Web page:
The famous physicist Albert Einstein is credited with coining the phrase: “Insanity: doing the same thing over and over again and expecting different results.”
While Einstein was referring to the area of physics, quantum theories and the nature of the universe, his quote is very much appropriate for something a bit more rooted in the here and now: the Iranian regime.
It seems the mullahs in Tehran have an addiction to arresting people. They arrest dual nationals visiting from other countries. They arrest journalists. They arrests dissidents. They arrest Christians and other religious minorities. They arrest bloggers. They arrest women, children, students, artists, professors and just about anyone else that annoys them.
They even arrest members of their own government that helped bring them a nuclear deal that lined their pockets with billions of dollars in sanctions relief.
Yes, sometimes it doesn’t even protect you from being arrested if you are even part of the regime.
The regime said on Sunday that a person close to the government team that negotiated the nuclear agreement with foreign powers had been arrested on accusations of espionage and released on bail.
The disclosure, reported in the state media, appeared to be the latest sign of the Iranian regime’s leadership’s frustration over the agreement, which has failed so far to yield the significant economic benefits for the country that the accord’s advocates had promised. Regime officials and members of the Iran lobby have blamed the United States for that problem.
According to the New York Times, there had been unconfirmed reports last week that regime authorities arrested Abdolrasoul Dorri Esfahani, who has dual Iranian and Canadian citizenship, on espionage suspicions. Esfahani, an adviser to Iran’s central bank, was involved in helping the Iranian nuclear negotiators bargain for sanctions relief in exchange for Iran’s pledges of verifiably peaceful nuclear work.
The official Islamic Republic News Agency said a spokesman for Iran’s judiciary, Gholam Hossein Mohseni Ejei, speaking at a weekly news conference on Sunday in Tehran, had “confirmed the arrest of an individual from the negotiating team.”
There was no immediate comment on Esfahani’s fate from the government of Canada, which already has wrestling with the arrest of another dual citizen in Iran; Homa Hoodfar, a Canadian-Iranian anthropologist who studies the role of women in Muslim societies. There has been no announcement from the regime as to why she was arrested.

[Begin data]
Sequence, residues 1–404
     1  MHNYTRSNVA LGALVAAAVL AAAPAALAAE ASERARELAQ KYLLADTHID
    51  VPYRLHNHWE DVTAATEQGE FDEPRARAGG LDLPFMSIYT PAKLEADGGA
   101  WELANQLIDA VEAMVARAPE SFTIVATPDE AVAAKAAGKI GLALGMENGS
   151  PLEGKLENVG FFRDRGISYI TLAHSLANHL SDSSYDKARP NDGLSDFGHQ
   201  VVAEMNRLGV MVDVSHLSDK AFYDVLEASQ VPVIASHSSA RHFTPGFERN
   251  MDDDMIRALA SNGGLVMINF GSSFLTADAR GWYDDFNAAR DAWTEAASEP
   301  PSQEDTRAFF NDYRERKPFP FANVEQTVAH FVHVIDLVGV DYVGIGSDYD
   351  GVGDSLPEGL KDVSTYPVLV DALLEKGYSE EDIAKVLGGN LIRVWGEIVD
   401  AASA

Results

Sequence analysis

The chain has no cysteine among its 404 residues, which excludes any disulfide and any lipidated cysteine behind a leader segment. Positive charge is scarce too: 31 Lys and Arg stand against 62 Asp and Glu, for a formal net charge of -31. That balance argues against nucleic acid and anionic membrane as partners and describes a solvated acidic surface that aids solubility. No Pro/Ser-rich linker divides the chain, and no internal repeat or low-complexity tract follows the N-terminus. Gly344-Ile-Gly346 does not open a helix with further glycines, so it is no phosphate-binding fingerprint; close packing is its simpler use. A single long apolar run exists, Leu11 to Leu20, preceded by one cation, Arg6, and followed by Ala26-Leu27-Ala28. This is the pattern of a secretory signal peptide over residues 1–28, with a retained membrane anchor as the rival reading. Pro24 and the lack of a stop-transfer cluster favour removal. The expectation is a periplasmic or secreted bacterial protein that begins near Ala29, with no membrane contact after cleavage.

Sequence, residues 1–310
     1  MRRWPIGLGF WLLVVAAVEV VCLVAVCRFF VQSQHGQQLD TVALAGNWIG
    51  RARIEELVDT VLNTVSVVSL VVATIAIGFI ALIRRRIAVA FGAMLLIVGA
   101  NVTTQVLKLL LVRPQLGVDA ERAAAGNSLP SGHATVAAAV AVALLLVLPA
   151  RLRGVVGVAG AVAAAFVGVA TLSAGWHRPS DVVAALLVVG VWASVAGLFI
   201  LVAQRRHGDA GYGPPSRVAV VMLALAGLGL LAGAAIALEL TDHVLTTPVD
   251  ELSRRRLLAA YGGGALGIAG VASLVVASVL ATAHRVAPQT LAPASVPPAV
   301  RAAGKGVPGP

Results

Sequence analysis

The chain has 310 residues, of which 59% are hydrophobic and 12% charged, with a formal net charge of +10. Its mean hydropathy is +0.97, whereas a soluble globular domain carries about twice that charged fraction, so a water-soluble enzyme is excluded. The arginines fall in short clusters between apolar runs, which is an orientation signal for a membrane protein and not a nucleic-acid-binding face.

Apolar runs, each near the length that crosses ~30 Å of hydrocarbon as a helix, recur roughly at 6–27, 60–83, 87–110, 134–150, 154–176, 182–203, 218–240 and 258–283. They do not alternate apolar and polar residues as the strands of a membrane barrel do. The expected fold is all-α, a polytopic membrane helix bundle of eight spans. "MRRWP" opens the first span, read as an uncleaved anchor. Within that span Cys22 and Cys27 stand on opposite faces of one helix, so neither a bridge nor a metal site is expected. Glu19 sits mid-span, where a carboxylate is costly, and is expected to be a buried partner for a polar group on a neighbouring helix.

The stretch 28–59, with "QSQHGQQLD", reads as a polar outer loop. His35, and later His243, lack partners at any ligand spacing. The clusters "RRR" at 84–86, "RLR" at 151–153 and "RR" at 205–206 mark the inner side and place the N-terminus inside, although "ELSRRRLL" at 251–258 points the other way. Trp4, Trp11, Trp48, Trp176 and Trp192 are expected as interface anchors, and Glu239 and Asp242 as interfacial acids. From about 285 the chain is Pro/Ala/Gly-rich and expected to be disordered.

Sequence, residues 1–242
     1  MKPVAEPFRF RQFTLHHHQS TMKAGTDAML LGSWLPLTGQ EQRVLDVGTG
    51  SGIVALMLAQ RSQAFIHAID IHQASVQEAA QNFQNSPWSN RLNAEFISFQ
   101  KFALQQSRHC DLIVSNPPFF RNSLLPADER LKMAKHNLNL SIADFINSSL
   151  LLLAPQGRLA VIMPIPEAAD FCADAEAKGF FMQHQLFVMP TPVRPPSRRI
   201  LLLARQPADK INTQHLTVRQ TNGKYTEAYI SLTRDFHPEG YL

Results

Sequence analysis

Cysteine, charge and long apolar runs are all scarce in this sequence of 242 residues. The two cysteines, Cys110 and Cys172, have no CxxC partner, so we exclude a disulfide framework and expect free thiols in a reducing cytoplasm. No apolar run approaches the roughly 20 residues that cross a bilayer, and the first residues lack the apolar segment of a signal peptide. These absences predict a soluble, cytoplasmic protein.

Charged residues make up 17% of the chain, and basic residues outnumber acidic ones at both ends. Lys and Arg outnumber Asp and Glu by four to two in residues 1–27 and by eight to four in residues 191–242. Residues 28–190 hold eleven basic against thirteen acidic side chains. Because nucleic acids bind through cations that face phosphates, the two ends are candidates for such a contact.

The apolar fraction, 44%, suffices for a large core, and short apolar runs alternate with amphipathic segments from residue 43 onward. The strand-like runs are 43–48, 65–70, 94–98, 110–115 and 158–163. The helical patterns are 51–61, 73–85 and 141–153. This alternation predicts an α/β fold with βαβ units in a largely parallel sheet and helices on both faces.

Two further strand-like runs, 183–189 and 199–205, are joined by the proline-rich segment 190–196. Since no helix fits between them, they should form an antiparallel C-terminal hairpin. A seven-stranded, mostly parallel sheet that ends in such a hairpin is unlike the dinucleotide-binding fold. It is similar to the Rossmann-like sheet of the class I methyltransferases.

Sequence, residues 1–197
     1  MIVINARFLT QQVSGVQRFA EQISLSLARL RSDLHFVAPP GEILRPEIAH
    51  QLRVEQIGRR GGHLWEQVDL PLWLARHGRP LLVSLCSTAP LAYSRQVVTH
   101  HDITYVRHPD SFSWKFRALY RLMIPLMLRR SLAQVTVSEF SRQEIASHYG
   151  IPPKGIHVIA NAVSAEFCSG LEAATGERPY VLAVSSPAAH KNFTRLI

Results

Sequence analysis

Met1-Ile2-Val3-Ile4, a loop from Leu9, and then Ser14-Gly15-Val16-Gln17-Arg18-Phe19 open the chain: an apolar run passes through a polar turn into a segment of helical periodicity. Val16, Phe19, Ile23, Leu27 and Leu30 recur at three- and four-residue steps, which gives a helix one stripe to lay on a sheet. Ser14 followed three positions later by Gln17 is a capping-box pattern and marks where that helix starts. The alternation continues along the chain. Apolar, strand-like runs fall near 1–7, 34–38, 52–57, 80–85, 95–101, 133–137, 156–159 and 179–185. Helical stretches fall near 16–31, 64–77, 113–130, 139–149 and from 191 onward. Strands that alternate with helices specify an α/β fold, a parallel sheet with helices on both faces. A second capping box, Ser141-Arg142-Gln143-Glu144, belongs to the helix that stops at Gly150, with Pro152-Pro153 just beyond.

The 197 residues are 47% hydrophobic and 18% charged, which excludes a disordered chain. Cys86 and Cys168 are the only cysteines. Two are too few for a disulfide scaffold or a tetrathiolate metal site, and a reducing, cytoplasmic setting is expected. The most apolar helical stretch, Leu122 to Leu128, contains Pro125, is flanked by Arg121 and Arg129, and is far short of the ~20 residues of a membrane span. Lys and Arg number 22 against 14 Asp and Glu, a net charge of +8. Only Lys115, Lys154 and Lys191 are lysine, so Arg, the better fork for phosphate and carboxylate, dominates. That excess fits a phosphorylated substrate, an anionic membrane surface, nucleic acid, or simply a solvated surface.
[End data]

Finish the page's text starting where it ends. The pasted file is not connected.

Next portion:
This new arrest occurrs against the backdrop of other hostile actions from regime, including:
- Regime officials announced the execution of a nuclear scientist who had returned home from the United States, where, he claimed, he had been kidnapped by the U.S. government. The Iranians said the scientist had betrayed secrets to the enemy;
- Last week, a series of run-ins with high-speed boats from the regime’s Islamic Revolutionary Guard Corps Navy harassed American warships patrolling international waters in the Persian Gulf region at least four times, U.S. Navy officials called the actions dangerous, unsafe, unprofessional and illegal.
The rash of arrests, especially of dual national citizens who seem to be the latest targets of the regime, has caused consternation among supporters of the regime within the Iran lobby and the Obama administration’s vaunted “echo chamber” all of whom have remained studiously silent on the matter.
The uptick in arrests is worrisome given the contention that the $400 million cash payment made by the U.S. was done explicitly in exchange for U.S. hostages and has convinced the mullahs in Tehran that this is a more profitable and quicker tactic for recouping gains than tiresome diplomatic forays, which many in the regime leadership, including top mullah Ali Khamenei, have openly called a waste of time.
Khamenei himself seems perfectly happy in his usual vein of saber rattling and lengthy denunciations of the West as the regime’s Tasnim News Service issued a press release this weekend of his remarks in which again threatened the world.
The fact that Khamenei and the rest of the clerical leadership of the Iranian regime seems intent on committing the Islamic state to a course regional proxy wars, conflict, hostility and unremitting bombastic hatred of the liberal and pluralistic West, the obvious question now is just what the heck should the next Congress and president do about it next year?
That question seems to preoccupy the Iran lobby to no end as its official lobbying arms, such as NIAC Action, have fully engaged in U.S. Congressional races, especially Senate ones to ensure that candidates supportive of the nuclear deal and of maintaining friendly relations with the Iranian regime are elected.
What is interesting is that NIAC Action has clearly decided on a partisan course in only supporting Democratic candidates in key races who have come out in favor of the Iran nuclear deal, even though many of those same candidates, when questioned about Iran’s human rights situation and support for terrorism, quickly disavow any support for the mullahs.
The real litmus test is not going to be in who controls the Senate, but in ensuring that no matter what party controls the Congress and White House, they continue to hold the regime accountable for these transgressions or face more multi-million dollar ransom payments for our citizens.
By Michael Tomlinson